The expansion of the residency to Santa Barbara was scheduled to begin in 2021, however, due to the continuing pandemic, the launch had to be postponed. Despite the changes in schedule, no students have left the program, and now in-person residencies will resume. The program will resume the in-person Seattle residency this July, and the Santa Barbara residency will resume in Winter 2023. “We’ve done the best we can to balance the value of our kind of instruction while also trying to keep folks safe,” says Ward. “I can’t wait to get back together in person.”  

Perspectives Beyond Location

While the program is based in Seattle and California, students in the PhD cohort hail from a variety of locations, including the Midwest, the East Coast, and abroad.  These learners bring unique perspectives and engage different communities with their work. The program tries to follow their diversity. “We hope to bring in regional speakers with regional experiences that assist us with better understanding our role not just as Counselor Educators, but as advocates of social change,” says Ward.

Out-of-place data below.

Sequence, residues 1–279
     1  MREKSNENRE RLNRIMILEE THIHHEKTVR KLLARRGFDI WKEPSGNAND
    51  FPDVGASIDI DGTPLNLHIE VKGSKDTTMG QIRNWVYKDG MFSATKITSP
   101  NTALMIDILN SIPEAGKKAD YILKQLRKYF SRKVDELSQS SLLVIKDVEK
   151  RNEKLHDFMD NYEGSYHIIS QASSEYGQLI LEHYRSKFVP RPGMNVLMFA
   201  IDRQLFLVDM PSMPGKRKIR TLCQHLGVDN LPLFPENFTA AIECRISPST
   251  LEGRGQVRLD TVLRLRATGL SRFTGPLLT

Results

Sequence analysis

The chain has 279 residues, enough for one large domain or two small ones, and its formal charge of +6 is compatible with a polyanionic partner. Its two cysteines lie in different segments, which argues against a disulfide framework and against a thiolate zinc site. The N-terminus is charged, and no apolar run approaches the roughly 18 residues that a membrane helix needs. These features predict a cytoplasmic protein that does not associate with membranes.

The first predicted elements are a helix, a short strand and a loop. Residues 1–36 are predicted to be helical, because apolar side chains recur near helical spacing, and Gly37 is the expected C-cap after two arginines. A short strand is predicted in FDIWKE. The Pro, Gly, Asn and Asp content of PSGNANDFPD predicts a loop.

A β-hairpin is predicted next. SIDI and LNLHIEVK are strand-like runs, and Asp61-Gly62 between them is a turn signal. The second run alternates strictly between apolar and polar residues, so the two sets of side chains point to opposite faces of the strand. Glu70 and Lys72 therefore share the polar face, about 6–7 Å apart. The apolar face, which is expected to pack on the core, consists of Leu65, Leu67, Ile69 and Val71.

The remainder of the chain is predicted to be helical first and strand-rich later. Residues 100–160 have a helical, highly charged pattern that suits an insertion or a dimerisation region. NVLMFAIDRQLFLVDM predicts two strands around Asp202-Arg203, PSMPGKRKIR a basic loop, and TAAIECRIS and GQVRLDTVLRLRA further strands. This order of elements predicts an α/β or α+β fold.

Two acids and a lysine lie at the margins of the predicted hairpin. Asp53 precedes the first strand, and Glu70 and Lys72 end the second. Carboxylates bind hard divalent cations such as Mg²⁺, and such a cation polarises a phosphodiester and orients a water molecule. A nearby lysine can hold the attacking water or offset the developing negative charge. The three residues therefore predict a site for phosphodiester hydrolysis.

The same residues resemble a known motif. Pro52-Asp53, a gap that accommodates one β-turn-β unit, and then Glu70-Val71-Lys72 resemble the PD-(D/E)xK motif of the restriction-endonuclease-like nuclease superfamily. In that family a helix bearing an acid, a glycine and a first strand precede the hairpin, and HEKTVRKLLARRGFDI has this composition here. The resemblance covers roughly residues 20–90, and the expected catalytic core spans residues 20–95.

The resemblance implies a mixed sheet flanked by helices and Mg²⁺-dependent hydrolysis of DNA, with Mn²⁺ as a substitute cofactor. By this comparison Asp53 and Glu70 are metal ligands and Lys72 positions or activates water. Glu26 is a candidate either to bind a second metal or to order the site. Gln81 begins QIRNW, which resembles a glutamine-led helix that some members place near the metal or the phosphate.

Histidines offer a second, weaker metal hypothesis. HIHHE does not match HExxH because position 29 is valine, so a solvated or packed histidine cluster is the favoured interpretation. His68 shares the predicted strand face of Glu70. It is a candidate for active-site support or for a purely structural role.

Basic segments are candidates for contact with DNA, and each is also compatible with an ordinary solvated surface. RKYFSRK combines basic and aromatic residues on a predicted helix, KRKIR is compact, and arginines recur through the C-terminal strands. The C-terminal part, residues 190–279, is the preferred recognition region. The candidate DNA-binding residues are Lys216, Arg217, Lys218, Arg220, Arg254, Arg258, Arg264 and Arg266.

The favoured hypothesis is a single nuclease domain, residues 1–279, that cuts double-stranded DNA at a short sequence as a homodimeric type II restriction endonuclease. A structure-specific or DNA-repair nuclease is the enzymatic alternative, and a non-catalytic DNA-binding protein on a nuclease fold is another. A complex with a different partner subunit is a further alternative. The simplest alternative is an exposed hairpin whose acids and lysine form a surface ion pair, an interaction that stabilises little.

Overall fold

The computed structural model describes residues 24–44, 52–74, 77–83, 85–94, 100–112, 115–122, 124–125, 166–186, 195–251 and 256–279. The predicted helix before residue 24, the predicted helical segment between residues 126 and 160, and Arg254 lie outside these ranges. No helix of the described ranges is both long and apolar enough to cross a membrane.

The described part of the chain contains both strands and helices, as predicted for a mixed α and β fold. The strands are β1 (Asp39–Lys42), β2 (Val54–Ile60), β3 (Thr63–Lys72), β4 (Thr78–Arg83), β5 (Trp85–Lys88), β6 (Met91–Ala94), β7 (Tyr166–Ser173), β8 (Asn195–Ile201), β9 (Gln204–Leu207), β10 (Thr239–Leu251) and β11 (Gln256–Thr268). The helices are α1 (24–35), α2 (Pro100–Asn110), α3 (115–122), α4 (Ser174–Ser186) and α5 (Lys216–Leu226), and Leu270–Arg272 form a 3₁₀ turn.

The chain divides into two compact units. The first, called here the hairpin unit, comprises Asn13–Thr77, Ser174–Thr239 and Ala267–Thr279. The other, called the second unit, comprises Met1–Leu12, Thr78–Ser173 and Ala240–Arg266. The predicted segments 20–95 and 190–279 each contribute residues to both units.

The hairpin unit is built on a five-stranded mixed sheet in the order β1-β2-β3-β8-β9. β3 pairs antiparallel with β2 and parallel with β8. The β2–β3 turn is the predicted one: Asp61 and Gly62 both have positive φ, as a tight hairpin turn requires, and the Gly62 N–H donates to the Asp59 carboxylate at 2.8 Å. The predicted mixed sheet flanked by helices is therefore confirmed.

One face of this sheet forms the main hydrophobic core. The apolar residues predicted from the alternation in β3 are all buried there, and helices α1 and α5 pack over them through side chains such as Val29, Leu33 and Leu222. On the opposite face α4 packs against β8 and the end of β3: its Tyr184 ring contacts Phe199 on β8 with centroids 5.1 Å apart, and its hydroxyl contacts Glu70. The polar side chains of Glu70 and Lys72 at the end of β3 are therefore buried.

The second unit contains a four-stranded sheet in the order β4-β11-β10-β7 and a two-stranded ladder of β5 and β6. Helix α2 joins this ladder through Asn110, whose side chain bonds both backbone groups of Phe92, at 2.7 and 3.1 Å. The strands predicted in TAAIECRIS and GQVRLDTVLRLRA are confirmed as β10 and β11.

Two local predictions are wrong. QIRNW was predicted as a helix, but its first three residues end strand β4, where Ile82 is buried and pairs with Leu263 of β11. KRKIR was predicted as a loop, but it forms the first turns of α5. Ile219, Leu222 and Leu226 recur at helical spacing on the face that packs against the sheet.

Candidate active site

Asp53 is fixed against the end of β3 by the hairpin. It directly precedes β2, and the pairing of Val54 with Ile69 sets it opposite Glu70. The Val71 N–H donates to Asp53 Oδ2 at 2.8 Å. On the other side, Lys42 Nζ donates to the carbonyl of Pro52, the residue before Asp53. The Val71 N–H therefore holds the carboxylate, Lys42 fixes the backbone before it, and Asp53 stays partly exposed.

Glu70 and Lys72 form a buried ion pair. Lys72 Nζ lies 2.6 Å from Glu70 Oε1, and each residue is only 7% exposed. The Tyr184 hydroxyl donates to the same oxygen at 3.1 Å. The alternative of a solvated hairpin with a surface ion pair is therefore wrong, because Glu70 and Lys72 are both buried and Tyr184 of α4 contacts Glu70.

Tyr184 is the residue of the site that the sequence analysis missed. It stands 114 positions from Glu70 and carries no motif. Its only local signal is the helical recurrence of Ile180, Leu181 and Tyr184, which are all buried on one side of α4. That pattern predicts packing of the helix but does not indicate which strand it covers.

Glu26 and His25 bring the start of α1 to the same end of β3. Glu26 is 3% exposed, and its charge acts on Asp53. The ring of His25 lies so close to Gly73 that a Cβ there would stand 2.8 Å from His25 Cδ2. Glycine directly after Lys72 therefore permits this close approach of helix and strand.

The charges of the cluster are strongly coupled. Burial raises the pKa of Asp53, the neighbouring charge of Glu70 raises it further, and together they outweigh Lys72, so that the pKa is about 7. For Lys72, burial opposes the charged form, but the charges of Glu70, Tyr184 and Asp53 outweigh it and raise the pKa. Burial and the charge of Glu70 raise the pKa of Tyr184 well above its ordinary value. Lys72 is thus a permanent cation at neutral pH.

The program hopes this widening of understanding will increase students’ willingness to address some of the gaps that are often seen in marginalized communities, which includes limited mental health outreach. With students spread out across the country, these perspectives will be applied to both locations of the residency, and, ultimately, beyond those locations, as students graduate and return to work in the places they call home. Ward says, “It’s about seeing ourselves as agents that try to go upstream as much as we can to make a difference.”

Georgina Marie Guardado is the Poet Laureate of Lake County, CA for 2020-2024, and a Poets Laureate Fellow with the Academy of American Poets. She serves on the Board of Directors for the Mendocino Coast Writers’ Conference and the Lake County Arts Council. She works as the Literacy Program Coordinator for her local library while studying Literature & Creative Writing at Antioch University Online.